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You Cannot Find the Way. The Way Is Looking For You.

November 4, 2012

by Stephen Damon

The other day I came across an interesting quote attributed to a Zen master whose name I can’t remember.  He said, You cannot find the Way.  The Way is looking for you. It is as vast and empty as outer space.  It’s really not important to whom this quote was attributed as it is a very old idea that has been expressed in both eastern and western spiritual traditions as a means of helping us understand what is needed to make a connection to the truth.  If you can take in this enigmatic statement without trying to figure it out you will see that your way of thinking about your practice changes.

In one sense, finding a Dharma teacher or group has never been easier. Yes, we chant,  The unsurpassed, profound, and wondrous Dharma is rarely met with, even in a hundred, thousand, million kalpas, but the Dharma in all its forms has moved to the West and is available to anyone who is looking.  Go to any public event on Zen and you will no doubt come across dozens of flyers and postcards, detailing how to make contact with groups and “licensed” teachers.  And yet, this does not change the basic question that any seeker has: how do I find a group or a teacher who can direct me on the path?

Buddhism turns this question on its head.  It has given an answer that illustrates, not how difficult it is to find a teacher, but how difficult it is to be a true student!  The teaching says that the truth can only be given to those who seek the truth for its own sake.  So the question of how to find the Way becomes how do I find the genuine student in myself? In fact, Buddhism teaches that teachers are ready when we are.  The wheel of the Dharma has been turned three times and has spread all the way from India to the San Francisco Bay Area and beyond.  But am I ready to receive it? Am I ready to see and hear it, accept and maintain it?  Am I ready to realize the meaning of the Tathagata’s truth?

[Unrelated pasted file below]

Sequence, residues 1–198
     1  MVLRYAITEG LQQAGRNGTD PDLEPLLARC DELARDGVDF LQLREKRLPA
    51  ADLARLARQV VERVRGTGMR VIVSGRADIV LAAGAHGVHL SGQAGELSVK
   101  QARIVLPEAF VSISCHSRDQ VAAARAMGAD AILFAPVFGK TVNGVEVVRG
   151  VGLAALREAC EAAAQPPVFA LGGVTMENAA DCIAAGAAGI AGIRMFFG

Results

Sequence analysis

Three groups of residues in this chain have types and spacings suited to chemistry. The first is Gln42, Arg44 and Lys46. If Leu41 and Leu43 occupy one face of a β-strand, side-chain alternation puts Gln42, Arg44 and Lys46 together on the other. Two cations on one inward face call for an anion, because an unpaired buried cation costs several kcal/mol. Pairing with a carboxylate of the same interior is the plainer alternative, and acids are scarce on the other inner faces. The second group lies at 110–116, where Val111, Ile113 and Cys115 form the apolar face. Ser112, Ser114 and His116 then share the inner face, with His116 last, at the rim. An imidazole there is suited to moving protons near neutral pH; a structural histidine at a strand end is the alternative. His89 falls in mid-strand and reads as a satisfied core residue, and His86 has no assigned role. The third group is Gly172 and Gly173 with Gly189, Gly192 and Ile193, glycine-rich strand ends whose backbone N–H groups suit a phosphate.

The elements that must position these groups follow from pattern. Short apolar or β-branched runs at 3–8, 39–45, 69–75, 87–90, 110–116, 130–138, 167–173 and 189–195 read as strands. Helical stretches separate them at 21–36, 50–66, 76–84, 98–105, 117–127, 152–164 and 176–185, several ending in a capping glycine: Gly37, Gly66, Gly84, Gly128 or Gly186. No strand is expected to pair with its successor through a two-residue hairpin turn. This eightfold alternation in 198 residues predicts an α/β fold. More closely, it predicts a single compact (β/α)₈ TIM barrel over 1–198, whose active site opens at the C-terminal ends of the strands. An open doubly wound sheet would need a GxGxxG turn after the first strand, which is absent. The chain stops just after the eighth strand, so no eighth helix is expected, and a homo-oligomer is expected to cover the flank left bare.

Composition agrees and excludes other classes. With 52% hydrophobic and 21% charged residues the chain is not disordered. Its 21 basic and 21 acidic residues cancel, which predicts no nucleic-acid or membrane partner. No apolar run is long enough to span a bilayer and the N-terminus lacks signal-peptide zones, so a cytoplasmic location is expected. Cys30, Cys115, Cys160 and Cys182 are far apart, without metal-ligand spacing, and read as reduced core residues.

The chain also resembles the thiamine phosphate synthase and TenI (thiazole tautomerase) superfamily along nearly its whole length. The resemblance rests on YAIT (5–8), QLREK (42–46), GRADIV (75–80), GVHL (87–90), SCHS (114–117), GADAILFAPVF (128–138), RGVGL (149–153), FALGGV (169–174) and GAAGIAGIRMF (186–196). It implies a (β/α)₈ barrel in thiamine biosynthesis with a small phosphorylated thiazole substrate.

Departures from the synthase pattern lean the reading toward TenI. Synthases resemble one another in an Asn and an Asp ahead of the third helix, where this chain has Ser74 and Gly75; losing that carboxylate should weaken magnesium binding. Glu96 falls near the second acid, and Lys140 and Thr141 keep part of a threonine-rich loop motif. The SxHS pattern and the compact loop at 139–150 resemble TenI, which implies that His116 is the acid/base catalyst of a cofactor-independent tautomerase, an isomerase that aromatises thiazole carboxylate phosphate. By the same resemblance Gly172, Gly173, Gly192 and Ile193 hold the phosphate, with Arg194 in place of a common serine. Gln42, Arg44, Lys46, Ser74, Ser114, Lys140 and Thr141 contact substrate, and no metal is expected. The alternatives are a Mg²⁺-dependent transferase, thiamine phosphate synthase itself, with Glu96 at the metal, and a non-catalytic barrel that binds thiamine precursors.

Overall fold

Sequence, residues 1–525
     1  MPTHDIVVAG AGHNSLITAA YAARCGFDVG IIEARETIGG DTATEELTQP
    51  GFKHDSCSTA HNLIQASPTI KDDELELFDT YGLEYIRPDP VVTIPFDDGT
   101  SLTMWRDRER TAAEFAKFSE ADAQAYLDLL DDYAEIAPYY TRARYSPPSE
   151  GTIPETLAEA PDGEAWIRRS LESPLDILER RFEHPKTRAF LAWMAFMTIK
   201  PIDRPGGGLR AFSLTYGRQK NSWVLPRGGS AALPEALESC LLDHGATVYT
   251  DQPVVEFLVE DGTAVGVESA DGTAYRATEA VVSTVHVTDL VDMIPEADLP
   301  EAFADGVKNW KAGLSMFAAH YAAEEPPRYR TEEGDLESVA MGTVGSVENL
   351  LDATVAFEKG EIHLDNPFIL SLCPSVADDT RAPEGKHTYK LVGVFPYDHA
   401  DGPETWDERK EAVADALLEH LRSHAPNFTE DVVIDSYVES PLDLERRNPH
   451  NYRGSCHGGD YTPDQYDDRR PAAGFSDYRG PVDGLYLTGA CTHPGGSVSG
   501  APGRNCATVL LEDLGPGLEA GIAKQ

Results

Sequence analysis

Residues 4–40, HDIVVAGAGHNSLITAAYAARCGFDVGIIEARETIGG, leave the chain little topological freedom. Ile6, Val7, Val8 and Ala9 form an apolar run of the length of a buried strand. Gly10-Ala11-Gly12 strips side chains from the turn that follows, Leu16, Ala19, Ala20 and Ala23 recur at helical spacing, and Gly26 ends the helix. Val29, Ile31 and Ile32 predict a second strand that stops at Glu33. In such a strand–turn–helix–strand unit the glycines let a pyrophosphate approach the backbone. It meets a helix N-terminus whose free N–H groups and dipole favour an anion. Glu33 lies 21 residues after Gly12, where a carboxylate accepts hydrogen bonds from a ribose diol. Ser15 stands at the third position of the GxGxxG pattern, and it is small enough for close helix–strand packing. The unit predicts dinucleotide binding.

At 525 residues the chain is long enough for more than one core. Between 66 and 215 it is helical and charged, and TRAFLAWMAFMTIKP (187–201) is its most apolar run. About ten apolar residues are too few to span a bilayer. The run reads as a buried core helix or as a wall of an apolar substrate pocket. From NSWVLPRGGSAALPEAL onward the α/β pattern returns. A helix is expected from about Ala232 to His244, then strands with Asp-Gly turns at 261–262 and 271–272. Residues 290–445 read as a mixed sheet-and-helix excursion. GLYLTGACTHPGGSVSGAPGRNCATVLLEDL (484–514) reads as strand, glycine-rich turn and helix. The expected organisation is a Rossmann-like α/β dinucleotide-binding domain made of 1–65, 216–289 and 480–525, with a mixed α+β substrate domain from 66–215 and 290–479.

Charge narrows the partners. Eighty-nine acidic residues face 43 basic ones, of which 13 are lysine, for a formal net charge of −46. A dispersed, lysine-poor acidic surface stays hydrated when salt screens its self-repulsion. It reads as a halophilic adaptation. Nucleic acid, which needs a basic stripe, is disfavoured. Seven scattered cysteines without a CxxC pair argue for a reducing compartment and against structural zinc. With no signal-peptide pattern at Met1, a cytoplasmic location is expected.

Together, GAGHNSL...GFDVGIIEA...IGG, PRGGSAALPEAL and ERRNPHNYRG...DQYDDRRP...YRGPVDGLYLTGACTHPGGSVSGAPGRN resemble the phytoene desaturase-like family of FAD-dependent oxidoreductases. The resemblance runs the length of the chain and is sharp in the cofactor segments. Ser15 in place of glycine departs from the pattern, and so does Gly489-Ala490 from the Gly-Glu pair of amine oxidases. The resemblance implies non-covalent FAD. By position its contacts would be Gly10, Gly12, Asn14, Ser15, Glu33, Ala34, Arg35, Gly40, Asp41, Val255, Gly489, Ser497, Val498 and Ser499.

Here it is useful to quote a few lines from the fifteenth century Hindu treatise, the Vednatasara (The Essence of the Doctrines of Vedanta) which details the awesome qualities of a qualified student: Just as a man carrying on his head a load of wood that caught fire would go rushing to a pond to quench the flames, even so should a adhikarin (a complete student ), scorched with the mad pains of the world, its birth, its death, its self-deluding futility, go rushing to a guru learned in the Vedas …The adhikarin is ready to serve, and prepared to serve in every way….The seeker keeps the mind from being troubled by sense objects…He must have made a decisive turning away from the world…and finally,he must have the power to endure without the slightest discomposure extremes of heat and cold, weal and woe, honor and abuse, loss and gain.

Reading this passage I am left with the feeling that I am not yet on the level of a qualified student.  I am not yet on the path.  Yes, I start each day by offering incense and prostrations to the Buddha on my altar, but do I know how to bow without bowing to anything?  Yes, I have dozens of books on Zen piled on my desk, but have I learned how to let the words and letters into the depths of my being? The answers to these and other similar questions is “no!” Staying with this impression I see that the question before me right now is not how do I find the Dharma as much as it is how do I prepare myself to let the Dharma in?  The Dharma is everywhere, expressed in myriad forms, waiting for me to present myself.



From → Zen Buddhism

One Comment
  1. I love that quote. & yup totally true, we tend to spend so much time fixating on the ‘right teacher’ that we fail to realise it’s equally, if not more important to be the ‘right student’, have the appropriate mindsets, etc 🙂

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